I can’t help but roll my eye, fast and unnoticed though. It is so annoying how clients can easily go from ‘wow, so great’ to ‘in this Buhari regime?’
“Mr. Onoja, me too I live in this Buhrai regime o,” and they both laugh. Anhanh!
“Oya we’ll see what we can do,” Mr.Onoja says, leading the family out.
That is never a good answer.
Whew! After eight hours of culinary marathon, I retreat to my office feeling fulfilled. The little space is at the far end of the busy kitchen, lavishly furnished. As cool as it is, the office is just a waste, another attempt to glorify my position as head chef. As if that was necessary – I’m head chef and that alone says something with a wink. I hardly ever even use the office, so most of the furniture still have their factory wraps on.
My reclining chair makes a nylony sound when I drop into it. I feast my eyes on the best thing about the office, the view outside the east window. The sun is setting behind the sea, casting an orange glow on the surface, rippled now and then by the subtle wind. I love how the view changes from time to time. While it isn’t a picturesque scenery worthy of a million dollar canvas, it is a scene of filthy rich men docking their yachts to throw the most extravagant party of all time, or – my personal favourite – lovely couples relishing their meal at the outdoor tables – my handiwork- as the light fades.
Okay, now stop stalling Jer, pick up your phone and answer your mother.
Chimo! 127 BBM messages, 5 text messages, 3 Facebook messages, 4 IMO missed calls, 16 missed phone calls, all from dearest Ma.
She definitely doesn’t understand the concept of an ignoring act. One tap and the BBM messenger opens. Arrgh! Over 30 photo-shopped pre-wedding pictures. Make ‘em stop! Oya time to read Ma’s messages.
Jeremiah answer your mother now!
That cough has come back.
I have a girl for you o.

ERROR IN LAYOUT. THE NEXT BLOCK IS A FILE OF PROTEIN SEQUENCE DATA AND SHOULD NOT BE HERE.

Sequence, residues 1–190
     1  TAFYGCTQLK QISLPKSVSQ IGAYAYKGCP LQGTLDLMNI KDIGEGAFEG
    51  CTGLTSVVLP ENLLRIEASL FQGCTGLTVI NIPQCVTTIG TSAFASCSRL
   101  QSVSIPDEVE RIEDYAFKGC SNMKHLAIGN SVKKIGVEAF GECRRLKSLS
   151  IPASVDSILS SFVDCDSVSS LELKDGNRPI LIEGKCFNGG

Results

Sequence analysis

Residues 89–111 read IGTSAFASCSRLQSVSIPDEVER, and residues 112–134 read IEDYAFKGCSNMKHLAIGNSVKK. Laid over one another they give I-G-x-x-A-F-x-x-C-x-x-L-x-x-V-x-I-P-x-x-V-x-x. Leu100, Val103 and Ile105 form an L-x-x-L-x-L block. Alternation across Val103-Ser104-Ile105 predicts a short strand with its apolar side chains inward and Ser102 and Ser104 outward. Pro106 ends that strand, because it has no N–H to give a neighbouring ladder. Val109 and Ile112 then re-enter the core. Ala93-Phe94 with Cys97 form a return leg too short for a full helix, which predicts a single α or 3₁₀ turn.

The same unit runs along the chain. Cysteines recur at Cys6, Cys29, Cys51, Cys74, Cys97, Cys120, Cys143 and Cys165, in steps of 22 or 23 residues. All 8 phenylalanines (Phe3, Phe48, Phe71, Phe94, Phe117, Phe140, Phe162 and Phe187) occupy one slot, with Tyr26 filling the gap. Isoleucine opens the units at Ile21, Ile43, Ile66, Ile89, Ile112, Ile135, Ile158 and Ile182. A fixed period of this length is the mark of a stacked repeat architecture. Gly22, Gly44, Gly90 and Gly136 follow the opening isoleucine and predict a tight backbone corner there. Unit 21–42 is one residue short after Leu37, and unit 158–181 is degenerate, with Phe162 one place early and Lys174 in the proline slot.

She is your Uncle’s friend’s secretary’s cousin’s elder sister…She is so pretty. LOL… Let me send you a picture.
Sigh. My mother.
The picture downloads and …wow, she is actually pretty. The kind of face one wants to see every morning. But one look at her and I know that’s all she is— a pretty face. Still I can’t blame Ma. She is getting restless at her son’s snail-speed love life. She won’t understand where I am coming from and I don’t think I can explain it to her or anyone else really.
I have seen divorce and I know what it can do to a family. My mother always thought my father was handsome. She had been proud that other girls thought it too, until other girls started sharing him and then other girls convinced her handsome husband to get a lawyer to draft divorce papers. Now Ma is alone, lonely, picking a new hobby one day and discarding it the next. Her latest is me and I just want it to be over soon.
“Thanks, but no thanks mom.” I send it to her and the reply comes immediately. Her fingers are practically glued to her phone.
‘I’m trying to help Jerry. I want you to find someone.’
That annoying name again.
“I will find someone mom…” I start to type when… Sarah… she pops up in my mind again. I can’t help but smile foolishly now. Before I can stop myself, I hold down the backspace and type instead,
I’ve found her already.
Time to go.
I remove the yellow tape carefully and dump it in a basket with the rest of my things. I pause to take one more look. Wow…I’ve really become very good. No pride intended.
As a kid I didn’t instinctively know how to draw. I never thrived in fine art classes. I never drew amazing portraits that were hung in class. But my teacher, Miss Amina, had seen an untapped and gestating flair for painting that I didn’t even notice.
“Open up your mind and you can do a lot,” Miss Amina had said. It had sounded like gibberish then – even confirmed by my parents who concluded I should move from Fine Arts to Home Economics. Now I realize she was right and my parents were the opposite.
I head outside and look up. The moon is already high in the sky. I can’t believe I worked so late. I throw my work basket into the boot, and as I circle to the driver’s seat, my phone buzzes. OMG it has to be Jeremiah texting.